There has always been a symbiotic relationship between New York City and the people who have settled there. This study traces the major developments on Manhattan Island, which began as a base for privateering, as it evolved into one of the world's great cities. At the same time, the author also describes the background, the adjustments that had to be made to the New World, and the contributions of the millions who chose to settle there. There are six chronological chapters, each discussing the groups who came in the years as covered by that chapter, the city as it was when they arrived, what they added to the city, and how life in New York enabled most to improve their lives. The Irish laborers who came in the middle of the 19th century, for example, contributed enormously to the building of a clean water system. The wages earned from this work allowed them to feed, house and clothe their families while enabling the city to avoid the frequent cholera epidemics that had devastated the city in earlier years.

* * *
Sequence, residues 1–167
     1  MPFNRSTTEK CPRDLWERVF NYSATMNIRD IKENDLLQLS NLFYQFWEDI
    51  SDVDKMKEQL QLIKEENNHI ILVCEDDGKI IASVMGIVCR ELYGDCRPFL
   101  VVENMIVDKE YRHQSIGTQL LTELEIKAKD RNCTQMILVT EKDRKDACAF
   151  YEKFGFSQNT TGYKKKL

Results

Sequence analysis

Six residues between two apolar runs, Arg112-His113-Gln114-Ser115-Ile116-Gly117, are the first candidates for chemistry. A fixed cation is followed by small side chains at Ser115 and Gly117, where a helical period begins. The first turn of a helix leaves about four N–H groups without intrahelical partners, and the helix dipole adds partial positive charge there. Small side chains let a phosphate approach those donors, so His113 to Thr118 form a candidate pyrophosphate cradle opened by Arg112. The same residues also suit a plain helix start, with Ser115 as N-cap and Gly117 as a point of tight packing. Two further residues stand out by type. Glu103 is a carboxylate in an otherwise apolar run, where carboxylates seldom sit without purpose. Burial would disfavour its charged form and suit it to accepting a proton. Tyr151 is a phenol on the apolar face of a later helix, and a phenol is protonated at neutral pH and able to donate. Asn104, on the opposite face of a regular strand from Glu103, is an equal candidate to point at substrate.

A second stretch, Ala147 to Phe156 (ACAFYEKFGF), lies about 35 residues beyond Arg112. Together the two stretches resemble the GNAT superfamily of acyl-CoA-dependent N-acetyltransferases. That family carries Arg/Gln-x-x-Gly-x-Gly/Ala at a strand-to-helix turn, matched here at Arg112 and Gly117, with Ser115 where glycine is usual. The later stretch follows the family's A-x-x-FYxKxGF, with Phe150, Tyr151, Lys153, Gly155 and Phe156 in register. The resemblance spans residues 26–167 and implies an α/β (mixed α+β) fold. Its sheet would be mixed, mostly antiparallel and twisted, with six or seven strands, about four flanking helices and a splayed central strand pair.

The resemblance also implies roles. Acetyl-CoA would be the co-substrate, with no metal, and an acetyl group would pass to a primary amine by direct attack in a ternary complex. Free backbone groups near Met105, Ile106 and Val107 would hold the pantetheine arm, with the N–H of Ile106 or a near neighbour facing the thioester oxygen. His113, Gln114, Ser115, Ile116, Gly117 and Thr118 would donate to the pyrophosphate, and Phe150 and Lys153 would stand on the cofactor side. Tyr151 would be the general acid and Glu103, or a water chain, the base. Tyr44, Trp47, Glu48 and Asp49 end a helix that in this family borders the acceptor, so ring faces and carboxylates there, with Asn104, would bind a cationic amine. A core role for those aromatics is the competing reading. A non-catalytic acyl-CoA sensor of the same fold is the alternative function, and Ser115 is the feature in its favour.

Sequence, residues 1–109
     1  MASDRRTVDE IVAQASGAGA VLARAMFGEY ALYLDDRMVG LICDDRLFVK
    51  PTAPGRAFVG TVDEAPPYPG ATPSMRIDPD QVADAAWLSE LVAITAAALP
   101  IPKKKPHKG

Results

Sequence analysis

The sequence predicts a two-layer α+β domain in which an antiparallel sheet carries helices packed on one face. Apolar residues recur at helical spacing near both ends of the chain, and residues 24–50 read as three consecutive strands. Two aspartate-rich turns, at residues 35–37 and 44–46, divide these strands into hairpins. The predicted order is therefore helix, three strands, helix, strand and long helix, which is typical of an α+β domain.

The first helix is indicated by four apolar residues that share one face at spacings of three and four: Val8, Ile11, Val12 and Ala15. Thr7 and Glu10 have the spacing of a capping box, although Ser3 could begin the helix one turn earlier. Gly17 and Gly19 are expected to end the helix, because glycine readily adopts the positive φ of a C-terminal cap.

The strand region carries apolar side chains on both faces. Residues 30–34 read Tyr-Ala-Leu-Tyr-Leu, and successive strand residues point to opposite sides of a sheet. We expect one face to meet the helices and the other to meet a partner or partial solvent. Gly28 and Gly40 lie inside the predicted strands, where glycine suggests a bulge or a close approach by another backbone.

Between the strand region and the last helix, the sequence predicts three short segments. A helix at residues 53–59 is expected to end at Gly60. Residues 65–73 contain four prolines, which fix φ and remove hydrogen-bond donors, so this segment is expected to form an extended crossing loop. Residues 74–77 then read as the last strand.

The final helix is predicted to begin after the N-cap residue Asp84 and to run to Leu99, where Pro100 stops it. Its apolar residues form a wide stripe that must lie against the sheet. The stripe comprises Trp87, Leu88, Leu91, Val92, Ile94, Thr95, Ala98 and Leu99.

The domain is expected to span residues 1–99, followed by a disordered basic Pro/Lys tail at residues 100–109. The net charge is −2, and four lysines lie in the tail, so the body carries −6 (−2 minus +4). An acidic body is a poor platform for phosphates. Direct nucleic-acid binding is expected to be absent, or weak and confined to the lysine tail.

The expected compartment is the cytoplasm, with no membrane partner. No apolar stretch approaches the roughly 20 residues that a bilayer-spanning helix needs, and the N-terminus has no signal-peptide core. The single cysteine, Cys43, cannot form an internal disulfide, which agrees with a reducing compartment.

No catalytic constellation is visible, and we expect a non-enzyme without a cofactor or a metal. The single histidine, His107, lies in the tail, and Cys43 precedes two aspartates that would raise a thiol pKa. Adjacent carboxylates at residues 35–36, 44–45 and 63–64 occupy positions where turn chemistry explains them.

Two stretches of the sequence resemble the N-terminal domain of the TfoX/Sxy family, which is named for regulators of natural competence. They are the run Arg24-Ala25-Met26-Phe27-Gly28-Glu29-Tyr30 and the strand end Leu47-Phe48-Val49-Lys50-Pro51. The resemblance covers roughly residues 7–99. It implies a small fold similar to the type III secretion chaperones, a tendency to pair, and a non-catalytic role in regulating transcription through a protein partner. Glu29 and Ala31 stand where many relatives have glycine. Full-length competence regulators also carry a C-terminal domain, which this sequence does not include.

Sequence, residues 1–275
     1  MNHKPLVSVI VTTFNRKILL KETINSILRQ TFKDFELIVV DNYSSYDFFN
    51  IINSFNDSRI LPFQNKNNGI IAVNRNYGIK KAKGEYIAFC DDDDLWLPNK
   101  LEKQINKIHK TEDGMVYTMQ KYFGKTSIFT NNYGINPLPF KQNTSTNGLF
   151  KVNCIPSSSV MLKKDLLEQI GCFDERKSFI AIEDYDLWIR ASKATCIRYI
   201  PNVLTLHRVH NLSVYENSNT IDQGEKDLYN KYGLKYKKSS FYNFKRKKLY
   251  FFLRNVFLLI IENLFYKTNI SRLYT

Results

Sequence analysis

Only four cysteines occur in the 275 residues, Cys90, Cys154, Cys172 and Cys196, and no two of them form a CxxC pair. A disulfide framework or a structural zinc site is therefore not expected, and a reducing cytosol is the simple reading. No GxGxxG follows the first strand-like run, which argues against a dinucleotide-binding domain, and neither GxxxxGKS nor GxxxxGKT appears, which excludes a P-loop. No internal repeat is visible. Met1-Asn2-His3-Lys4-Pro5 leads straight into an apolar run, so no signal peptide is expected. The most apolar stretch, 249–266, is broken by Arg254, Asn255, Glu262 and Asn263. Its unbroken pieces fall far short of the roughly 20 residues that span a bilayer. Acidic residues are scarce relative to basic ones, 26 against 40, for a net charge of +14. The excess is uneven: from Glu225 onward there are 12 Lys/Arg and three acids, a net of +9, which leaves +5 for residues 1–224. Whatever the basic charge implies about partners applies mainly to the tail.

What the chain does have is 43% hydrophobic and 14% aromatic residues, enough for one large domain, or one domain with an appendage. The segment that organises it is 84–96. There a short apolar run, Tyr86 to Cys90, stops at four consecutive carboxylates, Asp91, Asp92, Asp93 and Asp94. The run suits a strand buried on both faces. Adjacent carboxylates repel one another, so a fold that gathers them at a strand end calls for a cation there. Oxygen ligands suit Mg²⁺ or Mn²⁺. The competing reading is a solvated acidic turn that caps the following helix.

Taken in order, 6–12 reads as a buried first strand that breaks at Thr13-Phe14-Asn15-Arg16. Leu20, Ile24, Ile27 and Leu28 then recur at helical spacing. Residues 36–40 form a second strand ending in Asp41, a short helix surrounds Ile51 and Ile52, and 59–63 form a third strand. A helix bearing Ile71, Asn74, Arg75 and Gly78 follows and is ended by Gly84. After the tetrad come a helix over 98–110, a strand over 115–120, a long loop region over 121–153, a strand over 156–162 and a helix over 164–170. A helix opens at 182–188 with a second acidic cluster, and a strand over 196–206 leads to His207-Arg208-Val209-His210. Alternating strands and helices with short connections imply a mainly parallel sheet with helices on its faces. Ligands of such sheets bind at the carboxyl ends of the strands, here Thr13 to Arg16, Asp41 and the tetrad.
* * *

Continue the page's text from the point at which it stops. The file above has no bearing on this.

About the Author:
SELMA BERROL is Professor Emerita at Baruch College./e A lifelong New Yorker, she is the author of five books, all of which deal with the immigrants, schools, and history of New York City.